Story 20151206

When my wife was having a root canal a few years ago, I sat in the waiting room and wrote this. It’s silly, but it was fun. Hopefully, it’ll make you smile.


The Santa Clause

I’d been awake longer than I wanted or meant to. I was being stupid, childish. Everything looked like a blur and my eyes itched. No amount of rubbing them cleared my vision and I couldn’t keep from yawning.

I wasn’t going to make it.

I told myself, stay up a little while, what could it hurt? Just until midnight. Beth shook her head when I told her my plan, and she went to bed without me. If I were her, I would have done the same thing. But midnight came and went. Going to bed then seemed too much like giving up, even though it was ridiculous. Another hour, so what? So I gave it until one, thinking about Beth in there, hogging the sheets, like she doesn’t do it every nigh anyway. I sat on the couch in front of the fireplace, non-operational, picking at cookies and getting sleepy.

Hell, may as well give it until, two, right? But I swore to myself, that’s the limit, that’s the absolute limit.

At 2:36 I felt a little ill from the cookies the boy put out for Santa. Danish butter cookies–you know, the ones in the giant blue tin with the little white papers that rustle so everyone knows your business? One or two would’ve been okay, but I must have eaten two or three dozen, first the ones on the plate, then directly out of the can.

Since Beth went to sleep, the only sounds in the house have the tin popping, paper rustling, and me crunching.

My mouth became so dry, I even drained the glass of milk. Whole milk, no less. Elias insisted on whole milk. “Santa’s fat,” he said, like that explained it. The glass, the biggest one Elias could find in the cupboard, had been sitting out since the kid went to sleep at eight, and had warmed up.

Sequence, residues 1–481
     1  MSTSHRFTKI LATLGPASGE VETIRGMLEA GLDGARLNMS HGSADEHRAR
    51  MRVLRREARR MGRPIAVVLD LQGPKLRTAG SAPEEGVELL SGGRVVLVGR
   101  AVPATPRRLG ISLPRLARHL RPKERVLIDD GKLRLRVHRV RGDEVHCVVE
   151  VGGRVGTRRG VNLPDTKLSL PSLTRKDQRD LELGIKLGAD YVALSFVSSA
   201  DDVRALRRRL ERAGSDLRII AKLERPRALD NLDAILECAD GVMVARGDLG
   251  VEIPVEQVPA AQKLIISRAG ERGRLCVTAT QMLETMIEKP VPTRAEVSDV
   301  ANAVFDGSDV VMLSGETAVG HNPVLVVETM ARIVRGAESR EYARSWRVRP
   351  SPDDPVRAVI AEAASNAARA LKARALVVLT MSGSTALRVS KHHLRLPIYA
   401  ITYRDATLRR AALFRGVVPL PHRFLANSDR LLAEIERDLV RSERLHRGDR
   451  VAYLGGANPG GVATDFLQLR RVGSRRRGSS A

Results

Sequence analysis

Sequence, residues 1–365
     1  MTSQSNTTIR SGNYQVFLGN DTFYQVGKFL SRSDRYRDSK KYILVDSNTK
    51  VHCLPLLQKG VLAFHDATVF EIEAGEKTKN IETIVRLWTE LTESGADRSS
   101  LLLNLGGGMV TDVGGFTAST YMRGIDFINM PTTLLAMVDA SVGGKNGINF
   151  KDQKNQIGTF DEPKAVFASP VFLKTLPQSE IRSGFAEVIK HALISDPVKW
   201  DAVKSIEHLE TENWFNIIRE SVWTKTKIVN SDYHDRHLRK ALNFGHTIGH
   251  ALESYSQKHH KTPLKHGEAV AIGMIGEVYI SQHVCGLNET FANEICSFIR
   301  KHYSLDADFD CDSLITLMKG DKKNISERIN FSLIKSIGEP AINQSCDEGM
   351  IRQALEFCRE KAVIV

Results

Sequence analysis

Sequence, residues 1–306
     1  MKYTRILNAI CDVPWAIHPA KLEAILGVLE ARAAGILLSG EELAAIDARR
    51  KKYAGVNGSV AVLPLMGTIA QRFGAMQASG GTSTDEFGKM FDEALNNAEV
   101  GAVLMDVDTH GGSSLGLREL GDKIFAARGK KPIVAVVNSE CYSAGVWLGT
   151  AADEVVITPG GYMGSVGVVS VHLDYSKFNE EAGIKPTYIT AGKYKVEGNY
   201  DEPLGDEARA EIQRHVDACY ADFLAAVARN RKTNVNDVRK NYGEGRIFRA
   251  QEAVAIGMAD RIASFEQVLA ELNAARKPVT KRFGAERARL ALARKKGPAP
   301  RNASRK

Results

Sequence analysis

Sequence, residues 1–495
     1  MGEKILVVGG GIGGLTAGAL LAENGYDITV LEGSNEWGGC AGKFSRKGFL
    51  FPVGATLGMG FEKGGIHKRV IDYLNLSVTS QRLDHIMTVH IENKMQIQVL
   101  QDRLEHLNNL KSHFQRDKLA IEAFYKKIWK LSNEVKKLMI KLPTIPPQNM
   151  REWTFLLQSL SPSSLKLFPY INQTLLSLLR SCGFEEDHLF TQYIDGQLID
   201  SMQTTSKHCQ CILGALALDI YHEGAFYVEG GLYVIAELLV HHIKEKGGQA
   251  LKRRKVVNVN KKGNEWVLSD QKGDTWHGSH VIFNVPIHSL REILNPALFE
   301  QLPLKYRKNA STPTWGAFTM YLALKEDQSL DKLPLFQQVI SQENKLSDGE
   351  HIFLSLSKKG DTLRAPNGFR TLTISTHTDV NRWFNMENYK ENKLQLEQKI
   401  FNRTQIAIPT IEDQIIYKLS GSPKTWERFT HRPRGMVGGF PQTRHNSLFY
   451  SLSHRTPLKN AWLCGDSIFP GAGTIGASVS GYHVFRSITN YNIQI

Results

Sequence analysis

I yawned, not feeling so great, and stretched.

I was too old to wait up for Santa, but I had my reasons.

Good reasons.

But my reasons weren’t good enough to keep my eyes from drooping. I felt them close. Okay, that’s a lie. I know one minute I was awake, and the next I was dreaming.

I hate dreaming. I hate it so much that one time I even tried that lucid dreaming stuff. Just to get control of it, you know? I figured it couldn’t hurt. But all that happened was that my dead grandmother kept showing up–alive, not a zombie or anything weird–and she was shoving naturalist resort pamphlets are me. I took that book in to a white elephant party.

But the dream I had when I fell asleep was more of a memory, like a watching a video, only I could see myself like an actor instead looking out through my own head.

It’s last Christmas. Elias is opening his presents. There’s a ton of paper every place–red, gold, silver, green. A technicolor explosion. And every present is exciting, even the clothes. What does he know? He’s six. But every single box is quickly put aside as he goes searching among the remaining candidates for the ONE, the game-changer, the present every kid in the tri-state area is going to envy him for. The Krusher.

The manufacturer underestimated how popular it was going to be after a one minute appearance on a morning talk show, so no one has it. A late, save-the-day shipment from China had even been hijacked by pirates. Every single store was out of the Krusher before the Thanksgiving turkey had a chance to get cold.